Awareness of how well water infiltrates down into your soil is at the core of knowing your soil health and structure. A good infiltration rate indicates that the top soil has a ‘crumb structure’ and it is well aggregated. Essentially this means that each clump of soil is stuck together with glues and slimes from soil organisms and they are not broken down by water. Therefore the clumps (or aggregates) retain their structure when the water flows around them, also allowing water to quickly flow down into the soil depths. At the same time the clumps provide lots of nooks and crannies for droplets of the water to be stored in. So the water percolates easily, and some of it is stored along the way. This is what we want!

The infiltration rate is the speed at which water enters the soil, and is measured by monitoring the time it takes for a set amount of water to ‘infiltrate’ into the ground. Read the details in our infiltration rate guide here. Understanding how land works with water is highly beneficial for a farmer or any type of grower. It gives an idea of how much rainfall is soaking deep into the ground and how much could be running off and taking the soil with it. Soil washing off the land is like throwing money out of the window, our prime resource going down the drain. The image below of the UK clearly shows the seas brown with soil runoff after a heavy period of rain. Leaking away resources like this does not contribute to a profitable farming plan or an ecological farming system.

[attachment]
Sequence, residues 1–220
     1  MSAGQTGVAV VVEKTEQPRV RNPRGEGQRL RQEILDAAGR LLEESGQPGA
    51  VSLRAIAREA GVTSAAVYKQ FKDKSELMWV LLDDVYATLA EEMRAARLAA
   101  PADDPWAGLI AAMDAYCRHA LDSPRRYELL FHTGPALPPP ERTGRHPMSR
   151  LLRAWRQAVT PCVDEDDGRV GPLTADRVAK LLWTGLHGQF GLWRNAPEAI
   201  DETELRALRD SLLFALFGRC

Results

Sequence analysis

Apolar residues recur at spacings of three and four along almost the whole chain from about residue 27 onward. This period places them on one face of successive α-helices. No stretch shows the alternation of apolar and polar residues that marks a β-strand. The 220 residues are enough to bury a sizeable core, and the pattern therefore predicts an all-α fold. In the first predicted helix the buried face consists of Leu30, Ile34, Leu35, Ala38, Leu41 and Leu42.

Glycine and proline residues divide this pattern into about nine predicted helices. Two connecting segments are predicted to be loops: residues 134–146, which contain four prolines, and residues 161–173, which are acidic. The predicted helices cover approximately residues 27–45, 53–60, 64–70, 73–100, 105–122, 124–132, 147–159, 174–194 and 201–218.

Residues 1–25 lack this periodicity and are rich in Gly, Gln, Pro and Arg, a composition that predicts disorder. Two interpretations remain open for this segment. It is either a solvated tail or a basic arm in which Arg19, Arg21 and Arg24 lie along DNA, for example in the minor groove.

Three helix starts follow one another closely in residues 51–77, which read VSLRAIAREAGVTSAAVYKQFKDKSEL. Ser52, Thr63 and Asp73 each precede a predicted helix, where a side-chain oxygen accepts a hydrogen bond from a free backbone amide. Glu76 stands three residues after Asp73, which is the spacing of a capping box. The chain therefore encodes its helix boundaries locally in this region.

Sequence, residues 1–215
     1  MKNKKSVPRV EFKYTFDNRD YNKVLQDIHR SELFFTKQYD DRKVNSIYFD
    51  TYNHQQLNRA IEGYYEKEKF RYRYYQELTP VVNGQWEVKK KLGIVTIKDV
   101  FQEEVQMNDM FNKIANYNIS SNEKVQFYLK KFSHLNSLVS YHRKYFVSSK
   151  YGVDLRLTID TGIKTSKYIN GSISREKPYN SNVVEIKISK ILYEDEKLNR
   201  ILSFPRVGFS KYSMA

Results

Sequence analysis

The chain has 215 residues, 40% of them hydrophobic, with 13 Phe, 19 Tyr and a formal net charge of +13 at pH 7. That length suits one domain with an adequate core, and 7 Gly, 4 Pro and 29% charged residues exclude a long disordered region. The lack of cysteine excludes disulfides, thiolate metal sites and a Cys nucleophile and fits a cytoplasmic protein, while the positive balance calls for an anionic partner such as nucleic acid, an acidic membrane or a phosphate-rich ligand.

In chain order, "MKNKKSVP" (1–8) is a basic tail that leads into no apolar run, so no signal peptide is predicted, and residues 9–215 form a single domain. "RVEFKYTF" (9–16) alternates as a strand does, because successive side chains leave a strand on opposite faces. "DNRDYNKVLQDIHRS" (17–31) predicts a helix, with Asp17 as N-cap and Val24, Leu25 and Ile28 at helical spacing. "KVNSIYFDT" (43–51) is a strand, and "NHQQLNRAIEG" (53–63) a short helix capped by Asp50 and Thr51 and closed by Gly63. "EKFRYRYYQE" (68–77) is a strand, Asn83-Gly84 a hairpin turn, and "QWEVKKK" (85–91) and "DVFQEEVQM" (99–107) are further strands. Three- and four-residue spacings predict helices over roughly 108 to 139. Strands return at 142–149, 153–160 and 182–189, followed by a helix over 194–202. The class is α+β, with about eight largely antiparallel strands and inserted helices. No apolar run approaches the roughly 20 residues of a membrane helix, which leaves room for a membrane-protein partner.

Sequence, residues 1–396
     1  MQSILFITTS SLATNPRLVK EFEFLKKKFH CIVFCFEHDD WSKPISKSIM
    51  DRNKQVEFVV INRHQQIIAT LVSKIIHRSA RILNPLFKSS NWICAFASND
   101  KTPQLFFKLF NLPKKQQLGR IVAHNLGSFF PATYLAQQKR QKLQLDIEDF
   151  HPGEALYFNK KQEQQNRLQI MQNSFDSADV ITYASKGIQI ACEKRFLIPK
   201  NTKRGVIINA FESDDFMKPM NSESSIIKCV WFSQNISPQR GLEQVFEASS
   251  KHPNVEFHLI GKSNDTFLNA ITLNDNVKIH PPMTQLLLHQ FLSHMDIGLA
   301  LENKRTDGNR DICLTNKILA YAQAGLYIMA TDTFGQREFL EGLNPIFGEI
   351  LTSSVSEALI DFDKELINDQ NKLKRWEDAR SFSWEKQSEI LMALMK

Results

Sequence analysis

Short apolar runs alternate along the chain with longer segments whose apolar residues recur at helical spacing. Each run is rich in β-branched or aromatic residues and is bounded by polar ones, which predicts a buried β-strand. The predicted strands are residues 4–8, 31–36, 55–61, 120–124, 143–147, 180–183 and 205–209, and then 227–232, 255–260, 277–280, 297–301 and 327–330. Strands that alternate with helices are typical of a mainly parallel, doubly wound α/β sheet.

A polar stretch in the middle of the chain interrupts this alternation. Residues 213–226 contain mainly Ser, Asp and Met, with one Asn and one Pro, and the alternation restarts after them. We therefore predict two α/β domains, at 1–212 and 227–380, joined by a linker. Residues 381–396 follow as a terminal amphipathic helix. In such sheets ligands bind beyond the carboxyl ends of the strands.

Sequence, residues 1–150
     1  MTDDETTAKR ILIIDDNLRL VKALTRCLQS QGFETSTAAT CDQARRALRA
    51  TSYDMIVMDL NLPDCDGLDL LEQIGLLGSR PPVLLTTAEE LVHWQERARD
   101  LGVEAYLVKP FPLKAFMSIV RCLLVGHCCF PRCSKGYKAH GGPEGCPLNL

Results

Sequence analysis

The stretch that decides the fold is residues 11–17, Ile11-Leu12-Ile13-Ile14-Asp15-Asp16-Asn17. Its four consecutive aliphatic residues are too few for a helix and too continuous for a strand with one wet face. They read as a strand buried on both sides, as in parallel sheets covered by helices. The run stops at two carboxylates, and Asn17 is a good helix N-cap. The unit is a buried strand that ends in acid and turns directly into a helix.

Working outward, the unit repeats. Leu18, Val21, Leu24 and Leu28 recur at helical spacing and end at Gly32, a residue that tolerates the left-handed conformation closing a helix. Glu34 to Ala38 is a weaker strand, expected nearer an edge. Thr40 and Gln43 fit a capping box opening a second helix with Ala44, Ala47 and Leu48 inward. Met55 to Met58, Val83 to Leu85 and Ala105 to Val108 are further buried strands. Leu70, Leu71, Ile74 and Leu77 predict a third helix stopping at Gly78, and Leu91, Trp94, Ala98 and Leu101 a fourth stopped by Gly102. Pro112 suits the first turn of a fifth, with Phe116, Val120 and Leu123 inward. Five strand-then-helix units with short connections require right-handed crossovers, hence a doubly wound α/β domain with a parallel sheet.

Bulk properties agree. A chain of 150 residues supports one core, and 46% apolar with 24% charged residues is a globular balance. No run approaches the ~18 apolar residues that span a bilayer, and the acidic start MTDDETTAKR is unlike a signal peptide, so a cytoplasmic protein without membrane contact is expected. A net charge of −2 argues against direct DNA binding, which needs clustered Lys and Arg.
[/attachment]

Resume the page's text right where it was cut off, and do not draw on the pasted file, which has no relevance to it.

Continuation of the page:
The extent of soil erosion in the UK is visible from space. Credit: NEODAAS/University of Dundee